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Best of Alan Krigman
Pros and Cons of the Three Ways to Hit It Big7 February 1994
To make a bundle in a casino, you've got to hit a jumbo jackpot, win a tournament, or catch a hot streak at a high stakes table game. Each approach has strong and weak points. Weigh them then pick one, or go for a more modest return on the money you risk.
The thought of winning $3 million or more for a $3 bet at a Megabucks machine has an undeniable appeal. Even $10,000 for five quarters on progressive video poker has a powerful attraction.
The good news is that progressive slots offer huge payouts. And, you can limit risk by playing with a small stake because you're as apt to hit your first bet as your thousandth. Play more for more chances to win, but the probability is the same every time.
The bad news is the small odds of a major score. On 25-cent nothing-wild jacks-or-better progressive draw poker, a royal flush in diamonds might win that $10,000. The probability of an expert player getting this hand is only one in 160,000. The odds of hitting the Megabucks jackpot are secret, but I'd guess they're no better than one in fifty million. To make matters worse, most players trying for the biggie won't be satisfied with mid-range wins; they'll recycle those coins 'till nothing's left.
Slot and table tournaments differ from regular casino action in that big payouts aren't related to specific wins or losses in the actual games. Players generally go for broke because a fair profit on a buy-in won't usually beat opponents whose hunches happen to hit, and may not cover the tournament entry fee. Further odds aren't dominated by probabilities associated with the games, but by the total of entry fees and buy-ins, numbers of entrants and awards, and amounts of the various prizes.
On the plus side, when skill isn't a factor, odds are reasonable. If 500 players compete, one will win the grand prize and 499 won't so the odds are one in 499. In video poker or blackjack, where expertise helps, the odds for good players are even better because some entrants won't have more than a faint prayer of surviving the first round. Moreover, losses are limited to the entry fee and pre-set buy-in.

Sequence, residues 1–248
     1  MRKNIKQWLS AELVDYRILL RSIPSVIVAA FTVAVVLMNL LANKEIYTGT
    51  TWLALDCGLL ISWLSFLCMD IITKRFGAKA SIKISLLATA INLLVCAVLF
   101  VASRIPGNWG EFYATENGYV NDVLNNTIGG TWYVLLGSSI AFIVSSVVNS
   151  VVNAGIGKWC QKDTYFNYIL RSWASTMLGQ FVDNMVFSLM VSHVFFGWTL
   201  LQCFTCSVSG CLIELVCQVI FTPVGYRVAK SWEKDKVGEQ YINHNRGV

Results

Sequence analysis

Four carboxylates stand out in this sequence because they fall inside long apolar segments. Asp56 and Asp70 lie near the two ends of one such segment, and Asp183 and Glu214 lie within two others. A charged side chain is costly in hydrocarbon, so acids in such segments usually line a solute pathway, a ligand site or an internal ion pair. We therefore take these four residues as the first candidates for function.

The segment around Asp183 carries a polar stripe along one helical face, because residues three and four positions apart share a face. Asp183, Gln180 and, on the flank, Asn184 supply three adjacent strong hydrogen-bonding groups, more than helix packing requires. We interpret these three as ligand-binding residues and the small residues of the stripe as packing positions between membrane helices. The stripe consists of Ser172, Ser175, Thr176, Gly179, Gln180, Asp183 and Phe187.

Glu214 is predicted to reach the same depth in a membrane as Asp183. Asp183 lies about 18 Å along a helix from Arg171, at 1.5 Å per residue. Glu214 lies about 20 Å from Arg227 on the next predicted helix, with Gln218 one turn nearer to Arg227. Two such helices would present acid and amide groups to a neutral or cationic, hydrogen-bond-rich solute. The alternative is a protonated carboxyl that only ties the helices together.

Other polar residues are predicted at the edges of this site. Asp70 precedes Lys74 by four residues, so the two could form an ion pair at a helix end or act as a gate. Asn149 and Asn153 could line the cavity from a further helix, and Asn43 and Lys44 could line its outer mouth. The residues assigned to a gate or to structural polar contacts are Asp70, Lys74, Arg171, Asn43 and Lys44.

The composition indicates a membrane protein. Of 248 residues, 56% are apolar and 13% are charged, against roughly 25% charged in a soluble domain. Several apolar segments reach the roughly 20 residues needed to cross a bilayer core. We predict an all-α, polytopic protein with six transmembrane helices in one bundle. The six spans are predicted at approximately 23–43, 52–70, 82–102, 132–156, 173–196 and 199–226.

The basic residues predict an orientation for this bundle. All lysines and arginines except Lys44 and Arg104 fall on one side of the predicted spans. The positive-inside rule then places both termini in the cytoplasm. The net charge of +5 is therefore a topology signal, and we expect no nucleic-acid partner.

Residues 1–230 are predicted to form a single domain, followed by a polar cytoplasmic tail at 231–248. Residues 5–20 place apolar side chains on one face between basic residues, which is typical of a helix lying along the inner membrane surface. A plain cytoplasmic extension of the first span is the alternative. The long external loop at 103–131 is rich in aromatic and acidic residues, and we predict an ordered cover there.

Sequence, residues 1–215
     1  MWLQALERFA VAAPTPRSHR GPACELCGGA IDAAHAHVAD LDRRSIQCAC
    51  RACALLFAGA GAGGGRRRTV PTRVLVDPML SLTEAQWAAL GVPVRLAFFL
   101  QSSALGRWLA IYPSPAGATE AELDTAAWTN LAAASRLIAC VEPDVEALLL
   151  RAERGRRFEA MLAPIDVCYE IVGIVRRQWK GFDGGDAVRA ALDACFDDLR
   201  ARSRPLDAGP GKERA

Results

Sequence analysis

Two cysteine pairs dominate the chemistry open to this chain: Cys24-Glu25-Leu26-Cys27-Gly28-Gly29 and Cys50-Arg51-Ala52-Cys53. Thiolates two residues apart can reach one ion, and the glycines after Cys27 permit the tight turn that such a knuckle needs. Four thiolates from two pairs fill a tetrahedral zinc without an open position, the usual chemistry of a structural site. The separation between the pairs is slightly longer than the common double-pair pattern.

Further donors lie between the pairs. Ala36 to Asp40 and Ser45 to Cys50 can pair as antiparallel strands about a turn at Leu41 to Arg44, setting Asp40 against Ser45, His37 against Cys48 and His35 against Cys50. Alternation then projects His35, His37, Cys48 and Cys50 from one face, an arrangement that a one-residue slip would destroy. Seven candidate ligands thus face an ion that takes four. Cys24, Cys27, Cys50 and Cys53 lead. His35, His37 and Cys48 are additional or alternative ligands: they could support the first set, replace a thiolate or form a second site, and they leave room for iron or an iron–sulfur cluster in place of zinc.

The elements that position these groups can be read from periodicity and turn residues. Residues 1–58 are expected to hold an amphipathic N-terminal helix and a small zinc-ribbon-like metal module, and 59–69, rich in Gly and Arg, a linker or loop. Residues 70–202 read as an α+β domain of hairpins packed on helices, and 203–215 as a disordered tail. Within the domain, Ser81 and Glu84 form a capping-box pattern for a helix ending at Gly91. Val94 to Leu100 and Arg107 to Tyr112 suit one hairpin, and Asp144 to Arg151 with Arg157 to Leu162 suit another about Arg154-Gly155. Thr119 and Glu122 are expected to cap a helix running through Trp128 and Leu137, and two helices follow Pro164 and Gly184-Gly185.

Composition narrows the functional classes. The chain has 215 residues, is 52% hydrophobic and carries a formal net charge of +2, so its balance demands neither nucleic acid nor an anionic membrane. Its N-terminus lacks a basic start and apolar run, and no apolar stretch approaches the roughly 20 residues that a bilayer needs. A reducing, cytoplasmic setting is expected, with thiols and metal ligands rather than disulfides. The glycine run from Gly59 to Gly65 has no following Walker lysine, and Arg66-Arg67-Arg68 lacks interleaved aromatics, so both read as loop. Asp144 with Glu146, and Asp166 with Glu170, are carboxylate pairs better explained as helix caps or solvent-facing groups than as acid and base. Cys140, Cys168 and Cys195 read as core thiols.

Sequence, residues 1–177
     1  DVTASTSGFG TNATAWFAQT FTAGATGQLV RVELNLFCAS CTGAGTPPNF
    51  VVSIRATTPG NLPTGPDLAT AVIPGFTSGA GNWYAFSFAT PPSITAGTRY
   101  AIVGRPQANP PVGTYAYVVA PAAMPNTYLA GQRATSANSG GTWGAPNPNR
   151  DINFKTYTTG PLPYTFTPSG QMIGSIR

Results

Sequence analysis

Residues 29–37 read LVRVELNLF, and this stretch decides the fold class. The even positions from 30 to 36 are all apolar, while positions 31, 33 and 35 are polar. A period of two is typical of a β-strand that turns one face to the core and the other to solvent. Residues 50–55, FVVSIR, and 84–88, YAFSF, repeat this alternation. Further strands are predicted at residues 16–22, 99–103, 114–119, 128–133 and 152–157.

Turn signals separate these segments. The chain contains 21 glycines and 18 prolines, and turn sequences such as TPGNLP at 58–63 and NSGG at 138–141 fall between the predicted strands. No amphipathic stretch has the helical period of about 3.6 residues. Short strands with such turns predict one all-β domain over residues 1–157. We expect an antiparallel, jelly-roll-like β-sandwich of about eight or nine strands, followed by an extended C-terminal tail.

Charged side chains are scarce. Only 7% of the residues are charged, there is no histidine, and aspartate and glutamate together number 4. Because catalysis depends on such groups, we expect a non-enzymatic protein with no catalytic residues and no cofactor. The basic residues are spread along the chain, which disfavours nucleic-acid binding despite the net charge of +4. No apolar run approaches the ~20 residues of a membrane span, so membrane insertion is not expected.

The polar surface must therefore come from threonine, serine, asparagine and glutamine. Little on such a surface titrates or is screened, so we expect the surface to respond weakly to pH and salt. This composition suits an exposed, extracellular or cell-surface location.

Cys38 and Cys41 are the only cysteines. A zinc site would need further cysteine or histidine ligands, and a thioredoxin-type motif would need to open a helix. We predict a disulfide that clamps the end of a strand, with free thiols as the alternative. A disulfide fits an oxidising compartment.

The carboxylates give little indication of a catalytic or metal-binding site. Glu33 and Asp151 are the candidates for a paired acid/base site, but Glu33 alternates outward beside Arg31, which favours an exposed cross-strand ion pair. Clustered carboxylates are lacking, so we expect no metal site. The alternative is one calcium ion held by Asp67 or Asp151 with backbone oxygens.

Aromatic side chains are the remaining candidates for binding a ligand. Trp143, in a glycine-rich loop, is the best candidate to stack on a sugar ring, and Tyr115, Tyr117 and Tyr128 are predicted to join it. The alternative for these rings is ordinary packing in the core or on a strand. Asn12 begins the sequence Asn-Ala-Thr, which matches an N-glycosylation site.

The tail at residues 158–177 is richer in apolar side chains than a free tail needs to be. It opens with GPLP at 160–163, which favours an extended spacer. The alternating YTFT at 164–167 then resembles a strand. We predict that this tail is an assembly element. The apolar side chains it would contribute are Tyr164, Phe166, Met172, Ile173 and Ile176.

On the minus side, the dues can be high. A slot contest with 200 entrants and a $25,000 top prize might take $250 to enter and $250 to play each of two rounds. My friend, Pete L, lowers the risk by forming partnerships. For this hypothetical tournament, 10 people might pay $75 for a one in 199 shot at $2,500 each.
High stakes action
Players have the best chance to win at games where the casino has the least edge. This means blackjack, baccarat, or craps.
What's nice is that you don't have to beat enormous odds to get ahead. Understanding of probabilities, money to ride out normal downswings, and sense to know when to quit are often enough.
What's nasty is that low-edge bets in these games pay 2 to 1 or less, so you have to risk a lot to win big. This usually means raising bets after a few wins and hoping the hot streak will last, and also increasing them after a few losses and hoping the hits come due to bring you back. When it works, $100 can easily escalate to $1,000 or $5,000. When it doesn't, $5000 can go fast.
It's your money
You can gamble for excitement and a chance for a small profit. Or you can aim for the moon. If you're out for big bucks, you'll probably blow your whole stake trying. So, in deciding, ponder the words of Sumner A Ingmark, the casinos' own poet laureate:
Try to earn a small return, the earning's not too tough;
Best of Alan Krigman